The SSMI is a robust sensor , capable of producing numerous products.
As discussed earlier with equation (1), there is a direct relationship between
the Tb of the SSMI and the actual earth's surface temperature. A general
list of products derived from the SSMI follows:
Any attempt to fully discuss these products ( referred to as Environmental
Data Records, or EDRs) would be quite difficult. The author will attempt
only to give a flavor of these EDRs and how they are used.
One of the other uses of the SSMI is tropical cyclone reconnaissance.
Looking at figure (11), one sees a tropical cyclone in the North Arabian Sea.
The system exhibits a convective Central Dense Overcast (CDO) , blocking
a clear view of the cyclones center. Figure (12) shows the same DMSP pass
with the 85H channel from the SSMI. Note that the center of the cyclone is
37H. The primary channel is the 19V: as wind blows on the water, sea foam
is generated. This foam has a high emissivity, and is detectable at 19V.
One problem remains though: foam can be generated by a passing rainstorm:
a convective rain will certainly stir up the water above its normal level, even if
the winds a reasonbly calm. Thus, the potential for erros exists. Using the
37V/H channels both as a screen and as weighting factors in the wind speed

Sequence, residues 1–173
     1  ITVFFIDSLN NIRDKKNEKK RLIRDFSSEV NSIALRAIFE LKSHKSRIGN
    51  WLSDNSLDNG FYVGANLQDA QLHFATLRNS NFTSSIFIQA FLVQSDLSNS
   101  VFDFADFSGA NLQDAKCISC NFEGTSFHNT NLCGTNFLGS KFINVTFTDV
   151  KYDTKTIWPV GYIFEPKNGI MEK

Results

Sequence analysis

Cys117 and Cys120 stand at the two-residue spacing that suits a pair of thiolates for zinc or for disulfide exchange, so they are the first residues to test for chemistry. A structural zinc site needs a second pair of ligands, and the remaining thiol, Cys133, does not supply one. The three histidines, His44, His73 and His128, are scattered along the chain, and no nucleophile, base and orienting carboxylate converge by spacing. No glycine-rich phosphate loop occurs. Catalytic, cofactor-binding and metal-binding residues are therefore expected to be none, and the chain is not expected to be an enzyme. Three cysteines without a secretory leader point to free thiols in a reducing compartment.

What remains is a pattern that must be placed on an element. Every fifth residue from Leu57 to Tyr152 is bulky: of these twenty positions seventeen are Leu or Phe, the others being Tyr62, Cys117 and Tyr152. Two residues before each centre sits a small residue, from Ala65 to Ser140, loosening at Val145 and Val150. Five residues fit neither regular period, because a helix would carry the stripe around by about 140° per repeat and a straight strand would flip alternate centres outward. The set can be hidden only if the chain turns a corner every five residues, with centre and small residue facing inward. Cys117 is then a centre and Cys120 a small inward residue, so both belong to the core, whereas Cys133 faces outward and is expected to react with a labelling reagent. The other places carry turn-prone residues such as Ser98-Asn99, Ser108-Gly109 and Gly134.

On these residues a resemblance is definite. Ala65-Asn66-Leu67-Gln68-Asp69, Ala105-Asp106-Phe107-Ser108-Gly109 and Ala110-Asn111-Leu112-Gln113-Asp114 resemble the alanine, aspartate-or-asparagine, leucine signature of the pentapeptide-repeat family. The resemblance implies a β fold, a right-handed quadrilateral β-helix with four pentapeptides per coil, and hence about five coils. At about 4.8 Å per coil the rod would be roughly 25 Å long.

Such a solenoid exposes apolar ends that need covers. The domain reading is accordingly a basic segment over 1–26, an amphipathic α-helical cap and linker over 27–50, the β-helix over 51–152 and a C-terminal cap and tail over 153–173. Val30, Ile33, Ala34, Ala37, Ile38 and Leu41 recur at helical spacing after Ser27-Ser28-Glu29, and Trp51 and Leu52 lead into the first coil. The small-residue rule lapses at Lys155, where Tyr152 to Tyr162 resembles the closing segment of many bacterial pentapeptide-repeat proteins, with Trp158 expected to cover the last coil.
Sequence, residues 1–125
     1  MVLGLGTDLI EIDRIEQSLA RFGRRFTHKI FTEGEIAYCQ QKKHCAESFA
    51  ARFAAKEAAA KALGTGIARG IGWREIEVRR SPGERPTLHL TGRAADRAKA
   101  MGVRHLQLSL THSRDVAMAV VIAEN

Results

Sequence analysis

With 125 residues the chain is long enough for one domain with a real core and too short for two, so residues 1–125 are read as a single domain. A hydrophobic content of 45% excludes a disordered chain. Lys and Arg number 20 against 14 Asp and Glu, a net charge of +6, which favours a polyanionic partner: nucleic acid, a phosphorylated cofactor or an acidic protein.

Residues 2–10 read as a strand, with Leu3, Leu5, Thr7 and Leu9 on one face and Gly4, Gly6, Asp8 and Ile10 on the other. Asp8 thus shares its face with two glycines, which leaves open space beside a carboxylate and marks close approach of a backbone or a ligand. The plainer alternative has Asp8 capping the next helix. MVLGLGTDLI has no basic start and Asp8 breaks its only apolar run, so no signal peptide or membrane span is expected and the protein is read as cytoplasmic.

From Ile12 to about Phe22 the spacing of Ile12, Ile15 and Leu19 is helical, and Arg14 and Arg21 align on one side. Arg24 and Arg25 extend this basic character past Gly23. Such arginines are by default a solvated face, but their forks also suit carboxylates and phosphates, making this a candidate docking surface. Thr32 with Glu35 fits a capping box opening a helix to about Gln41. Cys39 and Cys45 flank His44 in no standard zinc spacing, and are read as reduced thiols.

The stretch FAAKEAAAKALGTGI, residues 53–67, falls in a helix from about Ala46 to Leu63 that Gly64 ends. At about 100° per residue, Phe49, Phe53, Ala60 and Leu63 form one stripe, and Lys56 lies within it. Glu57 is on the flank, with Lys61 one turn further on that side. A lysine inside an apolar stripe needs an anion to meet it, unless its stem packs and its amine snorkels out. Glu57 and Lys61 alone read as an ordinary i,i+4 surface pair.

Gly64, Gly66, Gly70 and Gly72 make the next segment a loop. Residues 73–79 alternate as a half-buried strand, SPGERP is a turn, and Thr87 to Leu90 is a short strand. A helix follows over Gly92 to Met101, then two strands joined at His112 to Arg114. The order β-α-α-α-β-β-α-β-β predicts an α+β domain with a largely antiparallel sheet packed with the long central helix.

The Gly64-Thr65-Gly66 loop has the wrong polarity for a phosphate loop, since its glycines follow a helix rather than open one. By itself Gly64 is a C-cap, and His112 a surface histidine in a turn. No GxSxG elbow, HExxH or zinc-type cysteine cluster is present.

retrieval algorithm, these errors can be eliminated, reduced, or at least
identified. The primary way that the 37 GHz channels are used to screen the
data is to take the 37 differential (D37 = 37V - 37H) and use it to assign
weighting factors to the wind speed data using this D37. Generally, the higher
values of D37 indicate greater accuracy ( and confidence, statistically) of the
wind speed values. The current algorithm for surface winds is given below
from Grant  in equation (4):
SW = 147.90 + (1.0969) Tb19V - (0.4555) Tb22V
-(1.76)Tb37V + (0.786)Tb37H
For a complete discussion on the surface wind speed algorithm, see the
work of Grant  and Hollinger et al . See figure 13 for an example of
the output associated with this data. Other examples of this data are also
being made available through NGDC on the internet, and also by HQ AFWA
regression models, such as equation (4) . Robust algorithms on a global scale
are difficult to derive, since the surface characteristics of the earth are so
variable. One source of new research is the use of computer neural
networks (NN) in EDR computation. These NN algorithms, though non-linear,
are still regression oriented. At AFGWC, these new algorithms are being
tested. The results are displayed in figure 14. The figure shows several
different experimental surface wind algorithms. Bear in mind that colors of
red are 30 knots or greater: orange, yellow and blue are all less that 30 knots.
Notice the poor performance of the neural network algorithm on the bottom
left. This is meant to demonstrate that regression-type algorithms are simply not
'getting the job done ' on a global scale (note : this same NN algorithm performs
quite well in the extratropics).
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